Nine months ago, I witnessed the electric atmosphere in Tahrir Square as ordinary Egyptians celebrated their new freedoms. I'm returning to the Mideast this week, at a time when the mood is much more somber, and fears of instability and economic chaos haunt the region.
I'll travel to Tunisia, which is holding the first elections since the Arab rebellions began, and then to Egypt, where elections begin in November. In both countries, Islamist parties are the strongest. I'll also visit Israel and the Palestinian West Bank, where, for the first time in decades, the peace process has ended.
These countries hold the clues as to how the Mideast, and U.S. influence there, will evolve in the coming months.
Tunisia is particularly interesting because it is the most Westernized of the Arab nations undergoing upheaval, with a large, educated middle class and a strong women's movement. Tunisia was also the first country to dump its ruler, by spontaneous, peaceful demonstrations in January. These attributes should give it better odds of transitioning to democracy.
Yet its best-organized political party is the Islamist Al-Nahda, which will probably get 25 percent to 35 percent of the vote in Sunday's elections. Although Al-Nahda's leaders publicly proclaim their acceptance of pluralism and tolerance, many secular Tunisians believe they have a hidden agenda.
And in the run-up to elections, Tunis is transfixed by the brutality of hard-line salafi Islamists (much more extreme than Al-Nahda), who attacked a TV station that showed the award-winning film Persepolis. The film is a memoir of a rebellious girl growing up during the Iranian revolution, but the salafists say it insults Islam.
If Al-Nahda does well, its success will be due as much to organizational skills as to ideology. It has been able to appeal to the poor and unemployed in Tunisia's rural regions. An Islamist plurality at the polls will test the ability of non-Islamist parties to cooperate, especially on writing a new constitution.
Already, the Tunisian debate about the compatibility of Islam and democracy is the most sophisticated in the Arab world, which is why it's so important to pay attention. Tiny Tunisia could demonstrate whether "moderate Islamists" could operate within a secular constitutional framework - or not.
Far more problematic - and far more important - is Egypt, traditionally the leader of the Arab world. Nine months after the Tahrir revolt, the country is enmeshed in a three-way struggle among weak secular parties, well-organized Islamists, and a military that is maneuvering to keep its perks and powerful role.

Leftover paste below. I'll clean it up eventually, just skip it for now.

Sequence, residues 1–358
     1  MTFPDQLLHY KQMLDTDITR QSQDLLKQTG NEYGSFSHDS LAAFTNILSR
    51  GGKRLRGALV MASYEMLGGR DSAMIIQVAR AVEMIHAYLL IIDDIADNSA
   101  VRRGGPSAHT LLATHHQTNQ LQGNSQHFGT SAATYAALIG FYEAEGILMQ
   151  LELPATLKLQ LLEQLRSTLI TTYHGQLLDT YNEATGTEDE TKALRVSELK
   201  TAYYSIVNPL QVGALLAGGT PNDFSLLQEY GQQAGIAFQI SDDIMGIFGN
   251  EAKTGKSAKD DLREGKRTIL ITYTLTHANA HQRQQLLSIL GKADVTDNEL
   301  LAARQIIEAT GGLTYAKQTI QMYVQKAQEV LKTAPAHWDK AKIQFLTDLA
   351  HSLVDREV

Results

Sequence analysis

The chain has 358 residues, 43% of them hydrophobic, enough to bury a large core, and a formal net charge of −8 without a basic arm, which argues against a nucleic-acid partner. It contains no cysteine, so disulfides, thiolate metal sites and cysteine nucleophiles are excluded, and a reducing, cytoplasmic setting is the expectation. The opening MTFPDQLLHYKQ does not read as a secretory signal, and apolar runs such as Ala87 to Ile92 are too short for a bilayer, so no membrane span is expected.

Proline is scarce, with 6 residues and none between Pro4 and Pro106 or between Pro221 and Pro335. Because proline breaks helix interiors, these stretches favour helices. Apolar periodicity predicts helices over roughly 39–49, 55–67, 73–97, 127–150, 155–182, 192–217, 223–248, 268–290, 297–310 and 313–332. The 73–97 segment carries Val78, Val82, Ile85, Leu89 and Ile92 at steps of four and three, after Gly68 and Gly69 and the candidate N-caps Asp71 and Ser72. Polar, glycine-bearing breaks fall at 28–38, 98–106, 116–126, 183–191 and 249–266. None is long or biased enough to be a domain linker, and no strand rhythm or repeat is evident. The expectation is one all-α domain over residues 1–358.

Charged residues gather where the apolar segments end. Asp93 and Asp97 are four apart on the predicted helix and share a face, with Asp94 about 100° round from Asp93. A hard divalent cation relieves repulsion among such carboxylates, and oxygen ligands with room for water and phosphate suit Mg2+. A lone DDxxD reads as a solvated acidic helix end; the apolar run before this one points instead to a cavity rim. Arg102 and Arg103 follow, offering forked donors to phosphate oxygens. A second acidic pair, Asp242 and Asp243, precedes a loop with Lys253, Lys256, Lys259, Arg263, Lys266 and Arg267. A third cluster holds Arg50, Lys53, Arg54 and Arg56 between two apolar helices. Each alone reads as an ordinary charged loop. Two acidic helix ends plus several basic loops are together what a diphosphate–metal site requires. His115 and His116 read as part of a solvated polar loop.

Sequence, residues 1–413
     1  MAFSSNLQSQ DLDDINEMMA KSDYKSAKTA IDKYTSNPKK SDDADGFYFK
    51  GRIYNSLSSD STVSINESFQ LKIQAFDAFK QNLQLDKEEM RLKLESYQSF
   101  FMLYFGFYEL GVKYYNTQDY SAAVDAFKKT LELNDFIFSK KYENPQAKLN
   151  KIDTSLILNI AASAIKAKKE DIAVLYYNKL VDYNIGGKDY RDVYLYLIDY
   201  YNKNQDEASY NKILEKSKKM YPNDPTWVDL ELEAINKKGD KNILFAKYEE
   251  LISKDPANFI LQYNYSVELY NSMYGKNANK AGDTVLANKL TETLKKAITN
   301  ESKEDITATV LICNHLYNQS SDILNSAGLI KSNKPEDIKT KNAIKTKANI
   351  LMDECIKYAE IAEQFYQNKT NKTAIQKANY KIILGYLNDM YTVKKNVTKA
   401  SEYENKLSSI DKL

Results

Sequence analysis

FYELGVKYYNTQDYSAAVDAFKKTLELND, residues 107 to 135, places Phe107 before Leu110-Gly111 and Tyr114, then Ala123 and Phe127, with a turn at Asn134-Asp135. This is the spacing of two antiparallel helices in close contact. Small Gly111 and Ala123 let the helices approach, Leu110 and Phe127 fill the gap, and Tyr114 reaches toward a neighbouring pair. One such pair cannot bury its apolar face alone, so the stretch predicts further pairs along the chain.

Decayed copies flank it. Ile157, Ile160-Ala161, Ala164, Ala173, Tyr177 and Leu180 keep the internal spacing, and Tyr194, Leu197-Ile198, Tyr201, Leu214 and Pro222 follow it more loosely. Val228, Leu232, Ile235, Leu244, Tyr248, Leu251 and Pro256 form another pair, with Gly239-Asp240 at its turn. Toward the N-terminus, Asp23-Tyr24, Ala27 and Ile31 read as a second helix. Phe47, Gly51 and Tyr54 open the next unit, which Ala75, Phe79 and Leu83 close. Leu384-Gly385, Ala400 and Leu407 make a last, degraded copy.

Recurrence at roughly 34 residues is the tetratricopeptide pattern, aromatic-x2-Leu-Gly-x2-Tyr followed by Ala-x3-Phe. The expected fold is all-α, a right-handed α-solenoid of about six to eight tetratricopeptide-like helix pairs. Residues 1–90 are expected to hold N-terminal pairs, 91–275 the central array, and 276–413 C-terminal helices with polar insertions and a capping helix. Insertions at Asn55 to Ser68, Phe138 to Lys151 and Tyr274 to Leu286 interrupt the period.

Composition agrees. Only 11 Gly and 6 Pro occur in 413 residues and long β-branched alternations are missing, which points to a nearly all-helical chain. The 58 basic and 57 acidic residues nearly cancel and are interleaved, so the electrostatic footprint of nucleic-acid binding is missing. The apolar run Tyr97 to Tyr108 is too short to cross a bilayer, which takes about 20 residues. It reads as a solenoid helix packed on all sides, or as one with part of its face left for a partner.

A stable Egypt is vital for the region at a time when Syria and Yemen are still convulsed with violence and when Libya's future is murky. But developments in Cairo illustrate the unpredictable course of the Arab awakening. They also demonstrate the diminished level of U.S. leverage in the new Middle East.
Egypt's military wants to maintain its peace treaty with Israel; it receives substantial U.S. aid, which should give U.S. officials leverage. Yet Egypt's generals must now listen to their newly awakened citizens. They may crack down or distract the crowds by encouraging sectarian violence. They will manipulate state media and blame Egypt's problems on outside agitators.
But they can't entirely ignore public opinion that has become increasingly anti-American and anti-Israel. And they must tolerate, or even cultivate, the Islamists, whose parties will probably win the largest bloc of seats in coming elections.
Any U.S. administration - Democratic or Republican - will have to deal with an Egypt that is far less predictable and less friendly than the previous regime.
There are no formulas that can be applied to the fluid situation in Tunisia and Egypt, let alone to a Syria, where regime overthrow is even more likely to usher in strong Islamist forces. On this trip, I'll be trying to divine which U.S. policies might be most helpful to the forces of Arab moderation, or at least do them no harm.
Into this mix, one must also factor the end of the Israeli-Palestinian peace process. Israel's exchange of 1,000 Palestinian prisoners with Hamas for the captured Israeli soldier Gilad Shalit will likely strengthen that extremist group and make the resumption of peace talks even less likely.
I've argued that the U.S. administration - and Israel's government, too - should have embraced Palestinian Authority President Mahmoud Abbas' efforts to seek recognition from the United Nations. That approach would have reinvigorated the two-state idea pending future negotiations. Didn't happen.
The end of the peace process will affect the whole region in ways that few have begun to consider.
I will be asking Israelis and Palestinians for their predictions.
The Arab revolutions are far from over. We are in the eye of the storm.
E-mail columnist Trudy Rubin